My copy of Mein Kampf sits on a shelf in my study, along with a couple of dozen books on World War II. It was the first book ever translated by the late Ralph Manheim (who also translated the works of Gunter Grass and others) and published by Houghton Mifflin in 1943. I've used it to prepare lectures on the Second World War, where I quote a few of Hitler's more lurid and bizarre passages in order to convey to students the dangerous world-view from which Nazism sprang.
I mention this because authorities in Bavaria are reportedly trying to prevent new editions of this book from being published in Germany (where it has been banned), now that the original copyright (which is controlled by the Bavarian government) is about to run out. Their concern, which is understandable but in my view overstated, is that neo-Nazi groups will use the expiration of copyright as an opportunity to disseminate Hitler's hateful ideas anew.
I think this is a mistake. In addition to being filled with a lot of appalling racist claptrap, Mein Kampf is an awful book-turgid, tedious, badly organized, and mostly boring. So the danger that a German edition it will win a lot of new converts seems remote. Second, it's widely available in pirated versions on the Internet and in plenty of other countries (including the Untied States), so anybody with neo-Nazi sympathies can get a copy already.
But most importantly, the best way to deal with a book like Mein Kampf is to expose it to light, demolish its "arguments," and remind everyone where Hitler's world-view ultimately led. Apart from its obvious xenophobia and anti-Semitism, the book is filled with historical falsehoods, bogus prescriptions and sophomoric attempts at philosophy. If you want fascism to remain a marginalized social phenomenon, allowing qualified historians to dissect Hitler's ideas is a better antidote than censorship. After acknowledging the legitimate sensitivities of some who oppose publication, Stephen Kramer, secretary-general of the Central Council of Jews in Germany, wisely counseled that the best course was not censorship but an open effort to put the work in context, with an appropriate commentary. As he told the Times, "Those who are already on the wrong side already have the book and already read it from their own point of view. Let's get it out there, and let's get it out there with a commentary." Furthermore, banning publication would just let extremists argue that elites are conspiring to keep some valuable "wisdom" away from the people, and a few nutjobs might even believe them.
Two additional lessons are worth remembering as well. Books like Mein Kampf remind us that bizarre, incoherent, and hateful ideas can sometimes win over enough people to sway a nation and ultimately help lead to the deaths of millions. When you actually look at the the book, and read about the history of Nazism, it may be hard to believe that serious people in an advanced society could be persuaded by arguments of this sort. But they were. And while Hitler may be the extreme case, we live in an era where plenty of political (and I regret to say, religious) figures offer all sorts of memoirs and tracts of their own, some of them nearly as bizarre and illogical (if not as murderous) as Hitler's infamous tome. And I regret to say that some of them have a significant following.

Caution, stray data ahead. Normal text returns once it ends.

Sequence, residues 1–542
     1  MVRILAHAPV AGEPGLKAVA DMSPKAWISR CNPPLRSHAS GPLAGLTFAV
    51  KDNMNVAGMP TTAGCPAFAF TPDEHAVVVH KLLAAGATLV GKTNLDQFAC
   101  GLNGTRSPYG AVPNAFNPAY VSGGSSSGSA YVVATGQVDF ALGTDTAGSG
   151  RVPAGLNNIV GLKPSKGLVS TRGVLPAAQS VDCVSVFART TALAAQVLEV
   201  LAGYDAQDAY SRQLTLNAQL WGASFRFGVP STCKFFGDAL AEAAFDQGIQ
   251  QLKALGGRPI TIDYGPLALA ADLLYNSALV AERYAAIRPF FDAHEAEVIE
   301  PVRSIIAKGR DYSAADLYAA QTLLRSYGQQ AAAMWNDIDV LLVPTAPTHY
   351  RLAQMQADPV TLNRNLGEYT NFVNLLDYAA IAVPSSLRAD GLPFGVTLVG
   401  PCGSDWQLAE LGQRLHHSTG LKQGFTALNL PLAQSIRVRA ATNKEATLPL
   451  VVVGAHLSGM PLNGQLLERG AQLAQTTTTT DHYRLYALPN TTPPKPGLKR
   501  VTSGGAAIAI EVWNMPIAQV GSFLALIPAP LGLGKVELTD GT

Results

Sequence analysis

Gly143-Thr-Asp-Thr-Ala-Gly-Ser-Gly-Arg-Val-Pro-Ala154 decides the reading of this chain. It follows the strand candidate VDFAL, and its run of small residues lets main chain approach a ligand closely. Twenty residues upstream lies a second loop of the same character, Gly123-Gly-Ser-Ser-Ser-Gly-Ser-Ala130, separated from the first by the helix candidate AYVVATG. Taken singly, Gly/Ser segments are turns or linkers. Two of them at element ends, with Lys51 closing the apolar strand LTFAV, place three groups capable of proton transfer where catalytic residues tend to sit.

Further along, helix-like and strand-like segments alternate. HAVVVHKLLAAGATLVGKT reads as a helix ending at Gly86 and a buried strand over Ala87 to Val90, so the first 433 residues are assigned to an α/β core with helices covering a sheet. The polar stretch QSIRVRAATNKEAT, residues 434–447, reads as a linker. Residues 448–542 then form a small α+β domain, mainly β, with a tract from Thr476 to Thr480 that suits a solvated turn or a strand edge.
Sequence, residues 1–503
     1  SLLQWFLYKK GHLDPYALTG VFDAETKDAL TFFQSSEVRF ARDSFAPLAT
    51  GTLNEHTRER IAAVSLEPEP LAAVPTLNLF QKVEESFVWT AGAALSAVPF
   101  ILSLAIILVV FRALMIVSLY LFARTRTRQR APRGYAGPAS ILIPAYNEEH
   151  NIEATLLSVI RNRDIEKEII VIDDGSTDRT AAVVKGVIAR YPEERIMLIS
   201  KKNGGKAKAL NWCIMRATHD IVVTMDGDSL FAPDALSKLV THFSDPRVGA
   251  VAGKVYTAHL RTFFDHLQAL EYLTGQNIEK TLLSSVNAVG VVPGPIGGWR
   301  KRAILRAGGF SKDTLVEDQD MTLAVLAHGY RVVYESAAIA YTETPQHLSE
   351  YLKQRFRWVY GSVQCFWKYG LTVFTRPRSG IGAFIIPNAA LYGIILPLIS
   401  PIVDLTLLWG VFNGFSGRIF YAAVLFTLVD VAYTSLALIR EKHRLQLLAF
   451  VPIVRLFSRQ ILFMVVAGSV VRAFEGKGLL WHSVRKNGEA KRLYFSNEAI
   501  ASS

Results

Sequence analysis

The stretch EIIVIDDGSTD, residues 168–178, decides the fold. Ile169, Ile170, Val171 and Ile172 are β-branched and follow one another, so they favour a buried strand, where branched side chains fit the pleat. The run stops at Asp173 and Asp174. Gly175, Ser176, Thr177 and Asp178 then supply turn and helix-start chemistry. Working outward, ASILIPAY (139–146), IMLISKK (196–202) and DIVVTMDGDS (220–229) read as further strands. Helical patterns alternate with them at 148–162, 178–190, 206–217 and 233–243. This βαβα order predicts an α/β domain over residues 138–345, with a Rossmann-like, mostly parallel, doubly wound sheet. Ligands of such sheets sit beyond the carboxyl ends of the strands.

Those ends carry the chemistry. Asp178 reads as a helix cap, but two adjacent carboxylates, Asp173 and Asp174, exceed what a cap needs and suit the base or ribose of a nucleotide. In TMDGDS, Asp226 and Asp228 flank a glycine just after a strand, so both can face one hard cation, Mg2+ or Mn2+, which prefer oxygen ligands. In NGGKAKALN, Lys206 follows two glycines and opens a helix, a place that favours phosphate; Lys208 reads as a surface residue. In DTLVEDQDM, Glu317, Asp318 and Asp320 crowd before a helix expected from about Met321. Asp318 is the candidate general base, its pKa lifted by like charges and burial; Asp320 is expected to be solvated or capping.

The second lesson, of course, is that following beliefs of this sort was not only a tragedy for millions of innocent people in Europe, but it was also a disaster for Germany itself. Anyone who is ignorant enough to be attracted by the program set forth in Mein Kampf needs to be reminded about what Hitler's world-view produced. In addition to directly causing the deaths of millions, his leadership led to Germany being extensively bombed, occupied by several foreign armies, divided for nearly half a century, and regarded with suspicion for many decades thereafter. Thus Hitler was not only one of history's greatest criminals, but also one of history's greatest failures. Mein Kampf is a blueprint for disaster, and anyone who might find it inspirational needs to be reminded of that fact.
The marketplace of ideas isn't perfect, but I have enough faith in it to believe that you can put Mein Kampf on a bookshelf in Germany today -- preferably in an annotated edition that exposes all of its errors -- and that the net effect will be to further discredit one of the darkest chapters in modern human history.
Stephen M. Walt is the Robert and Renée Belfer professor of international relations at Harvard University.